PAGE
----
The patients who used the VasoSTAT device were divided into the hemostasis success and failure groups, and the receiver operating characteristic curve was obtained for the activated clotting time (ACT). The cutoff point for ACT was 299 s determined by the Youden index. AUC area under the curve, CI confidence interval.

Table 2 Protocol.

From May 2017 to March 2020, 271 patients were treated with the protocol. Patient characteristics are shown in Table 3. Baseline characteristics, procedural characteristics, antithrombotic therapy, sheath size, and ACT were similar in both groups. The hemostasis success rate was significantly higher in the post-protocol applied group (96%) than in the pre-protocol applied group (82%) (P < 0.01). The results are shown in Fig. 2.

Table 3 Patient characteristics.
Figure 2
figure 2

Success rates of pre-protocol and post-protocol groups.


This study primarily found that the hemostasis success rate in patients who used the VasoSTAT in 4 h was not significantly different from that of those who used the TR Band in 6 h. Further, ACTs were predictive of hemostasis, and good control of ACT led to improved hemostasis success rates.

TRI has become an increasingly common PCI procedure in recent years, with endovascular therapy (EVT) also being performed by TRI. Therefore, it is widely acknowledged that the number of patients undergoing TRI continues to increase. Regardless of PCI and EVT, adequate hemostasis is achieved using the VasoSTAT.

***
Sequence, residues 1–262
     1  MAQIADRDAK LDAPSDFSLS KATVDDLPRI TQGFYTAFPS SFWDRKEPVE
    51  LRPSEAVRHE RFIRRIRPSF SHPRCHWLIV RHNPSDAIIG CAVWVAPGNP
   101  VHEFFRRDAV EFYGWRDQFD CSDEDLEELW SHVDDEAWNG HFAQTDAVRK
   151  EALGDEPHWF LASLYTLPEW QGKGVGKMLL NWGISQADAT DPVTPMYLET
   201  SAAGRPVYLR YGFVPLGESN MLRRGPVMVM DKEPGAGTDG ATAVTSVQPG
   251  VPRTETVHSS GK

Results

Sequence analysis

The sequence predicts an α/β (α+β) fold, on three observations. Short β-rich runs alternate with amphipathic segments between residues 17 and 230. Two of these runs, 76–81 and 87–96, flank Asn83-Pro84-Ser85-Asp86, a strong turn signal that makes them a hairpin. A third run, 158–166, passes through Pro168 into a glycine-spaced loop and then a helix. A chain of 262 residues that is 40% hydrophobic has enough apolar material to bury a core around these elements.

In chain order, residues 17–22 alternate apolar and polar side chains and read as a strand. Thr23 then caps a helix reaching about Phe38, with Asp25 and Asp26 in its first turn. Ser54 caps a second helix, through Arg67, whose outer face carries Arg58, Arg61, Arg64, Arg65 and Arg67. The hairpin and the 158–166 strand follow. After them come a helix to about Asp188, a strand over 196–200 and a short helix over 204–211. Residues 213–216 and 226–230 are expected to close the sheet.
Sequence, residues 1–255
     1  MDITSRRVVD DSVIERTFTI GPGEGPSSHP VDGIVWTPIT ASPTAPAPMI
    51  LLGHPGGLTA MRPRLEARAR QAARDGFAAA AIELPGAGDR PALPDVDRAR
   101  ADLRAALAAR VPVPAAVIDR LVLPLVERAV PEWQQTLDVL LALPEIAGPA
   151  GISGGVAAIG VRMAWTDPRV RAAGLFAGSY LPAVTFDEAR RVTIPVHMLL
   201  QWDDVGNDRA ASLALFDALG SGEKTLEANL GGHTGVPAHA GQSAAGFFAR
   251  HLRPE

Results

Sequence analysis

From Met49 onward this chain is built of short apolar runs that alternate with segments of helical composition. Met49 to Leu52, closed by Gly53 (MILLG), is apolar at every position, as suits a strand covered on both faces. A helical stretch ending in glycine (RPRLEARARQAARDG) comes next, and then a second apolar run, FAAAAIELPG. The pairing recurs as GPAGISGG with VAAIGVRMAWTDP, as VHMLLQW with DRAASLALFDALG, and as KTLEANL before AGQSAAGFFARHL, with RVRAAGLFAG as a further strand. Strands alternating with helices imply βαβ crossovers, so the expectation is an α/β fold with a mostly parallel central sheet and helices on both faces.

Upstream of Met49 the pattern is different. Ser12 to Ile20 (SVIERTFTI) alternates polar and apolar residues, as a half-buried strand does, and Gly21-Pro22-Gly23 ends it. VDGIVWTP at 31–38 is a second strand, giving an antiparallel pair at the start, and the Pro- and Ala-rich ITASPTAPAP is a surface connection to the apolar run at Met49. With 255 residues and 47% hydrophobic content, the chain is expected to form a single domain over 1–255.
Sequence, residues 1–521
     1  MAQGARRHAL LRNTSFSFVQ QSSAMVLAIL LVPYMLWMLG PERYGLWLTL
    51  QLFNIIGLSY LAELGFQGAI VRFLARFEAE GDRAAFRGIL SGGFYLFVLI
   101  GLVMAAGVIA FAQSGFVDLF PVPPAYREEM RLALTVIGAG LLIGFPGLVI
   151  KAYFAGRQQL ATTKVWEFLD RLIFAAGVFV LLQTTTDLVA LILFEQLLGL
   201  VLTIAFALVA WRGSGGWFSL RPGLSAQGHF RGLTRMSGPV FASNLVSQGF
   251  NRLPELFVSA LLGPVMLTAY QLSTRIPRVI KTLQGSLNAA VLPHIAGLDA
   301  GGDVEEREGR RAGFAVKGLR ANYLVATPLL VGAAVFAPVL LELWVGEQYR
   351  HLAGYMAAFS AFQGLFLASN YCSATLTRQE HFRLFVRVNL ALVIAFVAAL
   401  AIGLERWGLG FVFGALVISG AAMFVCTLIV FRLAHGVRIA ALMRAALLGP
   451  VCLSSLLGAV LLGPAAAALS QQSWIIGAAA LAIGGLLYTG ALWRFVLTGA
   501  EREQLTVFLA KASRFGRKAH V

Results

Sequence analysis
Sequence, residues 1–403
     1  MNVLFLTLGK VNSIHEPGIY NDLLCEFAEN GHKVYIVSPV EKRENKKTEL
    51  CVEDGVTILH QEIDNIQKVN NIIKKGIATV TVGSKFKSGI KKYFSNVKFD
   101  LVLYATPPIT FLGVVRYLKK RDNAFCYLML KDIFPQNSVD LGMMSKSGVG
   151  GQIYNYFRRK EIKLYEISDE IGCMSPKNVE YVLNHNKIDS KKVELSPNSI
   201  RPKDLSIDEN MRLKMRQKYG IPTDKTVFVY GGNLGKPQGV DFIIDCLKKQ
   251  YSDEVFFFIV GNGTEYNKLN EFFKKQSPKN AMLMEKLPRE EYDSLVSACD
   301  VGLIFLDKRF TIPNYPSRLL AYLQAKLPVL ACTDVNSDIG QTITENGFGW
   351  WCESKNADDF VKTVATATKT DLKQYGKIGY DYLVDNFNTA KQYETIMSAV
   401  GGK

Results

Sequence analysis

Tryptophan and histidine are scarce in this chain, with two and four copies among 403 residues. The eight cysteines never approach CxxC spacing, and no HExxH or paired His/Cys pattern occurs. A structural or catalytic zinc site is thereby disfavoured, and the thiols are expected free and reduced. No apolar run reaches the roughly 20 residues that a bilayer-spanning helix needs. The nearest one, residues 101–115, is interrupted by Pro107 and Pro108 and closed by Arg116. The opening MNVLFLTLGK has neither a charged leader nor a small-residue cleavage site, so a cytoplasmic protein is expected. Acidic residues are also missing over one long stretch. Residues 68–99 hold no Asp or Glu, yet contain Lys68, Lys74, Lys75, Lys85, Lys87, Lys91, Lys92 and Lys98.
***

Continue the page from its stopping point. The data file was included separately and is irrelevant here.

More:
The blood circulation in the puncture site is better with the use of VasoSTAT than TR Band; hence, primary and secondary hemostasis are readily obtained with the use of the former. Therefore, hemostasis time is shorter and the success rate is higher with the use of VasoSTAT than TR Band. A study by Safirstein et al. indicated that the VasoSTAT could significantly shorten hemostasis time by 34 min compared with the TR Band (208 min vs. 242 min), especially in PCI patients (by 43 min, 221 min vs. 264 min)8. We set the hemostasis time as 4 h in our study, which was appropriate. The VasoSTAT also has several other general advantages. It does not compress surrounding vessels and nerves and can, therefore, reduce pain and numbness. Furthermore, a decompression protocol is unnecessary. As a result of these effects, patients and medical staff experience low stress levels. A study by Minor et al. indicated that the VasoSTAT could significantly increase patient-reported comfort compared with the TR Band9. The VasoSTAT could also stop bleeding by minimal pressure and results in a low rate of RAO, as demonstrated by previous studies8,9,10. The short duration of hemostatic compression11 and non-occlusive compression of the puncture site12,13 were the causes for decreased rates of early and chronic RAO, owing to the ability of VasoSTAT to lower the rate of RAO. Pancholy et al. reported that ipsilateral ulnar artery compression during radial artery hemostasis improved blood circulation through the radial artery, which reduced the incidence of RAO, compared with only radial compression in patients undergoing diagnostic cardiac catheterization14,15. However, Safirstein et al. reported that ulnar artery compression with simultaneous radial artery hemostasis did not improve hand perfusion and that the rate of RAO was not significantly different between the VasoSTAT and TR Band group patients8. In this study, we did not compress the ulnar artery or evaluate the circulation of the hand, although the rate of RAO was significantly lower in the VasoSTAT group than in the TR Band group patients. Further prospective studies may be necessary to evaluate the relationship between blood circulation and RAO, and the hemostasis device and RAO in patients undergoing PCI.